College Sports

USC shifts defensive players

South Carolina defensive end Cliff Matthews pressures S.C. State quarterback Malcolm Long.
South Carolina defensive end Cliff Matthews pressures S.C. State quarterback Malcolm Long.

COLUMBIA -- Casper Brinkley's played so well at weakside linebacker this year that South Carolina's coaches rewarded him Sunday.

They moved him back to defensive end, the position he played all of last season.

"I'm really not a defensive end but I can play it," Brinkley shrugged, when asked if he minded being switched from his natural, favorite and probable future position. "I told him, 'Coach, whatever the team needs. If the team needs me at end, I'm there.'"

Defensive coordinator Tyrone Nix and assistant head coach/secondary coach Ron Cooper pulled the trigger on the switch after the No. 12 Gamecocks' 38-3 win over S.C. State. After watching tackle Nathan Pepper go down with a season-ending knee injury and seeing freshman Cliff Matthews collect four tackles, pressuring the quarterback non-stop, they shook things up a bit.

Matthews slid into Brinkley's spot, giving him a presence in the middle of the field where he can pass-rush all game, instead of certain downs. Brinkley moved back ahead of freshman Travian Robertson at end.

It'll be a new-look defense USC takes into a showdown at No. 2 LSU on Saturday, but hopefully one that keeps the same result.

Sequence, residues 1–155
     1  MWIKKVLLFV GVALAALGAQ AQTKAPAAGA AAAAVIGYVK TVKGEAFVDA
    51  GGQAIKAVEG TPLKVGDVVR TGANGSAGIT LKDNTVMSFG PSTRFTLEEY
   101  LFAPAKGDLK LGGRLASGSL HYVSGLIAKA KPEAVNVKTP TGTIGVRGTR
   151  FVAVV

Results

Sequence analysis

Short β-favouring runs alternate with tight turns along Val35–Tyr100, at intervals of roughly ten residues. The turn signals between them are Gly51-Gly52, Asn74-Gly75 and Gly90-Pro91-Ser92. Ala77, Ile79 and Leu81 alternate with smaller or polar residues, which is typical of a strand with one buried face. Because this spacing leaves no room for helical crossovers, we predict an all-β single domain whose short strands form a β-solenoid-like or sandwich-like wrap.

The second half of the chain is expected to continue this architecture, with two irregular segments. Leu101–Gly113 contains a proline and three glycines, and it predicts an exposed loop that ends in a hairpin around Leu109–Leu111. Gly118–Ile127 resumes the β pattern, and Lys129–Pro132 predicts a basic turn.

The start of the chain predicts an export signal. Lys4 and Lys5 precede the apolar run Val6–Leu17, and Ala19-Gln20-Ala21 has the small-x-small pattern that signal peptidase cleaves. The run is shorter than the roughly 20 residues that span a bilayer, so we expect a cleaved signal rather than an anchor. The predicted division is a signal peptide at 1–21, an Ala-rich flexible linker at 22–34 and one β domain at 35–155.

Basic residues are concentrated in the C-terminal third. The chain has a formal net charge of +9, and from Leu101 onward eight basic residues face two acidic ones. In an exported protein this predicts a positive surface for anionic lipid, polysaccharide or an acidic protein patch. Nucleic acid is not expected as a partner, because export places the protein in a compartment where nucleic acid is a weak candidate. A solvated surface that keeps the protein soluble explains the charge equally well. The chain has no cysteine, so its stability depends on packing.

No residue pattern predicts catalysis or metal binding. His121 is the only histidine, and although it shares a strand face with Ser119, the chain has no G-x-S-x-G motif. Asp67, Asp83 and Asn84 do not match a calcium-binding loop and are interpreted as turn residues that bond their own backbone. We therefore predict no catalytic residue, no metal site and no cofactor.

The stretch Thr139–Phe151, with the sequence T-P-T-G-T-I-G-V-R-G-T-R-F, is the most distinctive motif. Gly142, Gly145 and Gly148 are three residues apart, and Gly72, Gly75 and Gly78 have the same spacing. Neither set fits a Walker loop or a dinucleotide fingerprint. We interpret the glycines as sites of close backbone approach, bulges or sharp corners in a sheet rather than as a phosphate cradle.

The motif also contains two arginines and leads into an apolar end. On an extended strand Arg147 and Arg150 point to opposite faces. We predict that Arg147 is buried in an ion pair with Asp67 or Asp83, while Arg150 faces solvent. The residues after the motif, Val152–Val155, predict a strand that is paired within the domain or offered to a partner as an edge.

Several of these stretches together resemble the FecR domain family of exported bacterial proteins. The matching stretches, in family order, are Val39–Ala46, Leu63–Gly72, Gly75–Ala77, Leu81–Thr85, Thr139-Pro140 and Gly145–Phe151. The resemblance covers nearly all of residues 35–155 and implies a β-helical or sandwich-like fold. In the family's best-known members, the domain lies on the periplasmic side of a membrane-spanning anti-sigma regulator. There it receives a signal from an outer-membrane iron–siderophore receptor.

"Now, our defense has played well keeping guys out of the end zone, that's for sure," coach Steve Spurrier said after interrupting a laundry list of complaints about offense and special teams. "Obviously, we need to play a whole bunch better to stay even in the Top 25."

USC has not given up a touchdown in its last 10 quarters, a stellar stretch but one that was somewhat expected from a veteran defense. The unit took a hard shot last week with the loss of Pepper and will probably also be without starting safety Brandon Isaac, who is recovering from a separated shoulder.

But they still think they can hold the Tigers' offense at bay. Despite switching back to end, Brinkley said he was confident the defense could keep it up against an offense averaging 45.7 points per game.

"He just said, 'We're going to put you at defensive end this week,'" Brinkley said. "'Nathan Pepper got hurt and we feel like if you go down there, you're going to be a playmaker because your motor never stops.' That kind of made me feel good for him to say that."

The test is a stiff one but the Gamecocks are enjoying their notoriety. Some admitted they didn't expect to be 3-0 and as high in the rankings as they are, but also realized LSU is a nasty customer to get past.

USC has been surprisingly good on the road under Spurrier, 7-3 and winners of five of its last six. Spurrier has also beaten LSU 11 out of 12 times, including five of six at Tiger Stadium.

But that was then, this is now. It's going to take a lot more than past history to clinch the only USC win over an opponent ranked second or higher.

"I don't need to sit here and tell you how good of a team they are," Spurrier said. "Everybody has said that."

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